UCRWG’s Board of Directors is composed of representatives from across the Upper Colorado River watershed and an array of professional backgrounds, bringing with them a diversity of expertise in watershed science, resource management, and nonprofit fundraising experience.
Meet Our New Board Members!
L. Tracee Lorens
Tracee Lorens was born in Gunnison, Colorado in 1958. She attended Middle Park Elementary and Junior High before transferring to Kent-Denver Country Day School in Denver, Colorado. She went to college at San Diego State University followed by Thomas Jefferson, School of Law. She graduated from law school in 1990 and passed the Bar Exam in July of that year.
Tracee is the founding partner of Lorens & Associates, APLC, and focused her practice on consumer litigation and trial work. She worked on complex individual plaintiff cases until 1999, when she changed her focus to fighting for employee rights against some of the biggest employers in the US as a Class Action Attorney. She made the “Super Lawyer “ list in 2004 and was forever thereafter, year after year, deemed a “Super Lawyer”, a highly sought-after peer accolade. At the same time she was regularly recognized for her high level of ethics, integrity, brilliance in the law, and honesty. Tracee was recognized throughout her legal career with awards such as Lawyer of the Year (2017), The CLAY Award presented by The Chief Justice of the California Supreme Court in 2015, and a California State Senate Resolution recognizing her significant contributions to her community and the State.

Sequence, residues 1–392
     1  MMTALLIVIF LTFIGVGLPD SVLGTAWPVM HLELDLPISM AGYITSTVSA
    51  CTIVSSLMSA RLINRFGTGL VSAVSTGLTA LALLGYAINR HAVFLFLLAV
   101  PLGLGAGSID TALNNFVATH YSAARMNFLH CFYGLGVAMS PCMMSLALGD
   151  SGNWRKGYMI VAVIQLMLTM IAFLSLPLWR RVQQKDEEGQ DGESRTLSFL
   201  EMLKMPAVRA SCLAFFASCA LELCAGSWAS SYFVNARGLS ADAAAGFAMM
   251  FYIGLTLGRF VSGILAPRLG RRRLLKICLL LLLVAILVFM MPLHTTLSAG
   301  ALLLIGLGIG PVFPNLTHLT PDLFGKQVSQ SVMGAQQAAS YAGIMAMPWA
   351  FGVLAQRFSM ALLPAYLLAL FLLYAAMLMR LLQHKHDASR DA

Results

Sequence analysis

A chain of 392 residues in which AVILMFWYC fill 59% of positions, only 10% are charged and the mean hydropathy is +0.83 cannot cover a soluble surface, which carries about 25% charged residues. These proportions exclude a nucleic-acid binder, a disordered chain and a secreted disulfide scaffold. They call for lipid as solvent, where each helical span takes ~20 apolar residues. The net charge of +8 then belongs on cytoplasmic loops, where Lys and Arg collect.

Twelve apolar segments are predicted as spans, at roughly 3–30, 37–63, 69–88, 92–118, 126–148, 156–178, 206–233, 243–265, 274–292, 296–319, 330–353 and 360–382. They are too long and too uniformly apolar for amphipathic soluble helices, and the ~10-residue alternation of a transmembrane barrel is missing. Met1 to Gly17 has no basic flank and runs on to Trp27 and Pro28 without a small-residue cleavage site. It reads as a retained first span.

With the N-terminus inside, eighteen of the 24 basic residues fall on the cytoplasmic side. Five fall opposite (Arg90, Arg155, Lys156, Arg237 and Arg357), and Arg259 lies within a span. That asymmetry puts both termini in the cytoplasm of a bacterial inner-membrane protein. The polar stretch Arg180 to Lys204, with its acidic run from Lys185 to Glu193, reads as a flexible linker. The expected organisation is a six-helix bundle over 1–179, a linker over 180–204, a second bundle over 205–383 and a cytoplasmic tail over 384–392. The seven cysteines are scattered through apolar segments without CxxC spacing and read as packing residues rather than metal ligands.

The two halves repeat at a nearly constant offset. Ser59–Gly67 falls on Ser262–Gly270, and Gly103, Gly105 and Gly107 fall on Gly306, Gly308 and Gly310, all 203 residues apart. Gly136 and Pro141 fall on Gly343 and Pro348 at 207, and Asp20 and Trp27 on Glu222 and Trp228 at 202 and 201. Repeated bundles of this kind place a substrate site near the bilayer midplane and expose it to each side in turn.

Tracee is the proud mother of daughter Alexandra Lorens. Tracee and her daughter are third and fourth generation Grand Lake full or part-time residents, and descendants of Grand Lake residents Gordon and Barbara Spitzmiller. Barbara owned a dairy farm where Shadow Mountain Reservoir now sits and Gordon opened what is now Grand Lake Plumbing Co. Barbara’s father, Edgar Stanton, was the founder and long time Dean of Iowa State University. Tracee’s mom is Judy Lorens, a long time teacher at M.P.H.S. and the founder of Mountain Services—the first County trash company. Long time Grand County residents will remember Mountain Services’s unique trucks, with the images of skunks painted on the sides and the original slogans, “Trashin’ is our passion!” and “Business is picking up!”
Tracee is now retired from the practice of law and running a year-round, luxury vacation rental resort on her family property known as the Lorens Ranch. She has decided to dedicate a good portion of her retirement time and philanthropy to supporting efforts to protect and restore the Colorado River, with a focus on the North Fork, the Three Lakes region, and the Upper Colorado River watershed.
Ingrid Karlstrom has resided in Grand County since the spring of 1970, happily spending her first 5 years as a ski bum. Ever interested in preserving the beauty and quality of life here in our decreasingly pristine watershed, she (unsuccessfully) ran for Grand County commissioner in 1992 but was happy to accept an appointment to the County Planning and Zoning Commission, where she has served for 27 years. She is the only current member of the Planning and Zoning Commission who participated in establishing Grand County’s Master Plan, a product of former Governor Roy Romer’s Smart Growth Initiative.
Other commission memberships throughout the years have included Victims Assistance and Law Enforcement, The Moffat Tunnel, and a statewide transportation study.
Ingrid received a BA in zoology from Pomona College in Claremont, CA and currently lives just outside of Fraser with her 3 cats.
Board of Directors
Andy Miller – President